Why Race?

why race

Updated July 2020. A few years ago, Dan Allender began to more deeply reflect on the ways in which he has overlooked racial trauma in his own life and work, leading off a series on our blog and podcast regarding trauma and race.

I was eating with a friend whom I have not seen for about 6 months. When the waitress came for our order I asked if any of the vegetarian meals could be prepared with coconut milk, instead of dairy. After she departed, he scorned, “Are you a vegan now?” His words were playful and incredulous. I found it hard to say, “Yes.” Instead, I offered my defense. I told him I am a N3RV. Of course, he took the bait and said, “What is that?” “It is a non-reliable, non-resolute, non-religious vegan.” He laughed and said, “It won’t last.”

What was my struggle in saying, ‘Yes, I am vegan”? Our identity is precious to us, and we don’t take on new awareness or change easily, especially when it aligns us with a community or group that is not the ‘norm’. If our sense of who we are becomes attached to a belief, practice or group that is not only not in the ‘norm’ but sufficiently ‘other’ then we run the risk of being questioned and perhaps even quietly exiled from our identity-community.

I am no longer a meat eater. I’d rather supplement protein by using a vegan powder than to drizzle barbeque sauce down my chin. The look my friend gave me crossed between—you are weird and you are a traitor. And we are talking something as incidental as food and not race. Once we step into the uber-controversial issue of race, prejudice, white privilege, police injustice, Black Lives Matter, All Lives Matter, Donald J. Trump, redlining, micro-aggression, and ‘it may not be perfect, but it is surely better than it used to be”, we are on the tenuous edge of a beast that seems to ravage anyone who gets too near.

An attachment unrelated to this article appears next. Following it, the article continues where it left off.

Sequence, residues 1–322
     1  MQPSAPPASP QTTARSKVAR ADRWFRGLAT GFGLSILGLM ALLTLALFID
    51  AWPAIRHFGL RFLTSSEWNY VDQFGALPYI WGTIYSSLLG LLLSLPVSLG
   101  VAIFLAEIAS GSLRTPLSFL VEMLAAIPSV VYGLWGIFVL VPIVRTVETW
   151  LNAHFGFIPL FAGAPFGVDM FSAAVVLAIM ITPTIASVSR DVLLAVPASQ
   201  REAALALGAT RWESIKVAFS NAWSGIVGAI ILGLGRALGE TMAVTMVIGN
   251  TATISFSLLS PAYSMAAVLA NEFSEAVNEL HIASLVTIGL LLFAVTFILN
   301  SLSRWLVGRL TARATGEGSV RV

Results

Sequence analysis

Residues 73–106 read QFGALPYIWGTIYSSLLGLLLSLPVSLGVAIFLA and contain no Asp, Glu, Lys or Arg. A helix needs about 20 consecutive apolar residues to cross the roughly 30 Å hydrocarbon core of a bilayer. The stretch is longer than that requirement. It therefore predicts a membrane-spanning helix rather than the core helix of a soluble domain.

I was asked by a brilliant, playful and courageous African-American attorney if I knew of any people group that was formed—that had their inception in trauma. My mind first landed on the Jews. If you consider their history in Egypt and their 400 years of slavery, it is a highly traumatic story, but it could be said their birth occurred before their incarceration. I looked her squarely in the face and formed the words for the first time—“African-Americans.” It had never dawned on me that an entire people-group in our nation came into being through trauma.

How is that possible? I live and breathe trauma and abuse. It has been my work and privilege since 1986. I have worked with scores of people of color. There are some heartbreaking processes related to sexual abuse that are common to all victims irrespective of age, gender, race, ethnicity, generation, or family. And I have majored on those common factors that seem to be true for all rather than considering the unique particularity that arises due to other factors. The implications of racial trauma as it impinges on the damage of sexual abuse has not been in the purview of my writing, reading, or reflection. I have to ask again: “Why?”

The answer begins, but doesn’t end, with the reality of white privilege.

The answer begins, but doesn’t end, with the reality of white privilege. I simply have never walked into a retail store and been overtly followed by a clerk to make sure that I don’t shoplift as has The Seattle School’s now president, Dr. Derek McNeil, an African-American male in his fifties, who is dapper, handsome, and sophisticated in a manner that I could no more mimic than I could sing on tune. I have been yanked out of a car, thrown against a police car, handcuffed and humiliated for no cause before being released with no apology or explanation. But it should be clear, whatever reason I was detained, it was not because of my race. The majority of my African-American male friends have been stopped and harassed for no reason other than their skin.

I never had ‘the talk’ with my son or daughters of what to do when they are pulled over by police like my African-American friends who live with regrettably daily fear of what may happen when their teenage children go out for a date or a movie. White privilege is no less than never having to bear the consequences of being read with bias based on the color of our skin. The more I have become aware of my white privilege the more incensed I am that racial trauma has not been a more significant part of my labor.